I saw a post on social media yesterday to do with the proposed relaxation of the licensing laws on Good Friday from next year. It read something like ‘the pointy hat brigade are slowly losing their grip’ accompanied by a picture of a pint of Guinness. I met a neighbour on Jervis Street who showed me a picture of himself drinking a pint in one of the train stations yesterday too. Do we seriously believe that the bishops are the reason why the pubs are closed on Good Friday? ‘Oh, I can’t have a jar on Good Friday because the Catholic Church won’t let me.’ That’s one less excuse now then. I await the fanfare next year on Good Friday when the media descends on pubs all over the city to celebrate the people’s liberation from the Pioneers and Father Theobald Mathew so.  I further imagine we will shortly see the end of the Angelus on RTE at noon and 6.00 p.m. And I wonder will there eventually be a call to ban Christmas and Easter since they are Christian feasts. After all, there are non-Christians and non-believers in Ireland now. Bye-Bye St. Patrick’s Day. Is there a minority out there shouting above the silent majority? Is the tail wagging the dog? For fear I am beginning to sound cynical I better move on.

There are intelligent secular commentators in the media today calling for a total separation of church and state in Ireland. They resent the policies of some schools in asking for baptismal certificates as a means of entry into primary schools. There is a call by the many of our legislators to stop this practice as it is discriminatory. Mind you, it doesn’t happen in our schools in this parish. There are children from Catholic families, Muslim families, Orthodox families, and Christian families attending and we call on families of prospective pupils to contact the schools ahead of the September enrolments. And I have baptized children from the schools in order to fulfil a parent’s desire for their child to make their First Holy Communion. We don’t refuse anyone.

Across the world, we are seeing the dreadful scenes of children gassed in Syria and in Sept 2015, we gazed in horror at the lifeless body of little Aylan Kurdi washed up on the beaches of Bodram, Turkey. Last week, many Coptic Christians were killed in an attack in Egypt by IS and we remember the lines of Christian martyrs being killed on beaches by militant Islam. We also hear that the cause for the Beatification Fr. Jacques Hamel, martyred last year in Rouen, will soon begin in France. All over the place, in great and small ways, ordinary people are suffering dreadfully and it’s impossible to make sense of it all. We are hearing of people suffering day after day because of their faith in Jesus Christ.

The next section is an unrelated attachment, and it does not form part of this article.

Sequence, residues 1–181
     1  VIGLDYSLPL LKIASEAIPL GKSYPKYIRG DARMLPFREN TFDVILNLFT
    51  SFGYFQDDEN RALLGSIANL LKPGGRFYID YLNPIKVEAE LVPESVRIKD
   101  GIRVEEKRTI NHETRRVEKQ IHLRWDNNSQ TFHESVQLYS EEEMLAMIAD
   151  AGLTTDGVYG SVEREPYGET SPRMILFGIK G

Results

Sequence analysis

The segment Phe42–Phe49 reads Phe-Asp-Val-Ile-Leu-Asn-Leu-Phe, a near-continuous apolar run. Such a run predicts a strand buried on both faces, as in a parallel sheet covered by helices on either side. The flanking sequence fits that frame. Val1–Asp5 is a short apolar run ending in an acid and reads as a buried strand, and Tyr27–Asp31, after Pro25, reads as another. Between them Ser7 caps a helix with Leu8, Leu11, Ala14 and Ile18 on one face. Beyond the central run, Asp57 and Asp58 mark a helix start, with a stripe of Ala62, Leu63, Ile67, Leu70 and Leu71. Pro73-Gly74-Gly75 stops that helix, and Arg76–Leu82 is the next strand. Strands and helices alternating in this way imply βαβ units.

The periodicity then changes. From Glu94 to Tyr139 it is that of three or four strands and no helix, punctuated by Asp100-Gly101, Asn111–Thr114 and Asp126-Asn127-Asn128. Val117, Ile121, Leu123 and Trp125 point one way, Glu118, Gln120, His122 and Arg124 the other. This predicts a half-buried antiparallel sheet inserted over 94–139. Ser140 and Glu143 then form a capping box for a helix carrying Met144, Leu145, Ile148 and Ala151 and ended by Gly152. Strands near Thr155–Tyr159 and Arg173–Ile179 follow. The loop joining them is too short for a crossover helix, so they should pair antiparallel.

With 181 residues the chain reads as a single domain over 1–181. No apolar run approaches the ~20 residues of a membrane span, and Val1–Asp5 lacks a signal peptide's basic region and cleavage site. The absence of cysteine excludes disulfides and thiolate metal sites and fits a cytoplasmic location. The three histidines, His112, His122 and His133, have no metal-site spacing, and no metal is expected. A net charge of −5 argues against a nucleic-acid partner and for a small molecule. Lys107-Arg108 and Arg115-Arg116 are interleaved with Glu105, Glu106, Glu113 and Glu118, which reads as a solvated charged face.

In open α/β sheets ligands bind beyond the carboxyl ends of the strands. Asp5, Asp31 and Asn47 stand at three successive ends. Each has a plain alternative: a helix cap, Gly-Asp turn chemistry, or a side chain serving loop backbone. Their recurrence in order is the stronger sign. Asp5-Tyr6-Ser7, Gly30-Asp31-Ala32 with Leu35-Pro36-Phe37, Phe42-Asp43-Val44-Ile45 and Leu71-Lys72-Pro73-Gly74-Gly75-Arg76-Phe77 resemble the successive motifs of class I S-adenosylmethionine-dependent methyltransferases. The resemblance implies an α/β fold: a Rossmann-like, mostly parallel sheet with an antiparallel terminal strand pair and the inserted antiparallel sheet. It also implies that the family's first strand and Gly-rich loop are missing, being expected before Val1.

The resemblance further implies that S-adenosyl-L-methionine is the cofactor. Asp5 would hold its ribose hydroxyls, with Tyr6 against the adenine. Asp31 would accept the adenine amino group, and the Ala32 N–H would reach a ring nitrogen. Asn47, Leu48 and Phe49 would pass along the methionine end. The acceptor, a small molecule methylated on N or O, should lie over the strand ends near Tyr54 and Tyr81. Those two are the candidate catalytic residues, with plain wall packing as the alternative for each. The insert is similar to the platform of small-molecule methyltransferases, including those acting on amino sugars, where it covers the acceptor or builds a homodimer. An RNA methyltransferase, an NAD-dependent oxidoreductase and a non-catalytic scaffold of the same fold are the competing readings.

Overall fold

Still, its ordinary people who are making a difference all the time. Ordinary people’s kindness to us here in the parish. Ordinary good people who don’t take a blind bit of notice of what the minority in the papers say. People who still come to Mass here. People who will cross the world to bring their new baby living in a new country back to have it baptized. People who come in numbers to the Novena of Grace. People who always return to remember a loved one on their anniversary or their month’s mind. People who kindly invite me to bless a house or a Garden of Remembrance, or to say a prayer over the mortal remains of a deceased nana or mammy laid out in their home. This is how we know Jesus Christ is alive. This is how we know Good Friday gives way to Easter Sunday. And while I guess it is inevitable that we will probably lose the Angelus bells on RTE sooner or later. We will still ring our church bell here and many other church bells will ring out too. We will doubtless see the end of the prayer said at the start of the daily Dáil session.  I suppose the minority will get their way in secularizing the public square too because we are at the end of Christendom here in Ireland. Christendom is the political, economic, and social order of our nation inspired by the gospel ethic, and this is at an end. It is not the end of Christianity. Too many people have a deep faith in and love for Jesus Christ and this is thanks to the parents and grandparents we love who gave us the best years of their lives. We believe in Jesus Christ because of their faith.

Finally, I answered that lad’s question; - a powerful question by saying the nuns didn’t kill the babies in Tuam. There were indeed bad priests and brothers and nuns. But there were and are far more good and kind and generous ones. Sr. Consillio, Sr. Stan, Fr. Peter McVerry, Br. Kevin, Merchant’s Quay, and the list goes on. These people, members of religious congregations, have a track record of beginning what we now know as the homeless services, the social housing services, and addiction services today. And they are not the only ones. They are assisted by generous volunteers, many of them young people, who roll up their sleeves day and night to help those who are homeless. In forty years’ time, in a different Ireland, when another government calls the very few religious congregations to account then about how they tried to help homeless families in the second decade of the 21st century this will be our answer.

Jesus Christ is risen and the message of the gospel is and always will be a message of hope for all the world. Amen.

WoF - Easter Sunday is concluded.......now what?


From Word on Fire:

It is now the quiet time... The Triduum services are completed. The Easter Vigil (the "mother" of all vigils) has been concluded for another year — to varying degrees of liturgical success in each individual parish, I am sure. The crowds that seem to magically appear and arrive for Easter Sunday Mass have come and gone. Candidates and catechumens have been received into the Church. Easter egg hunts are wrapped up as well as family Easter gatherings. Now what?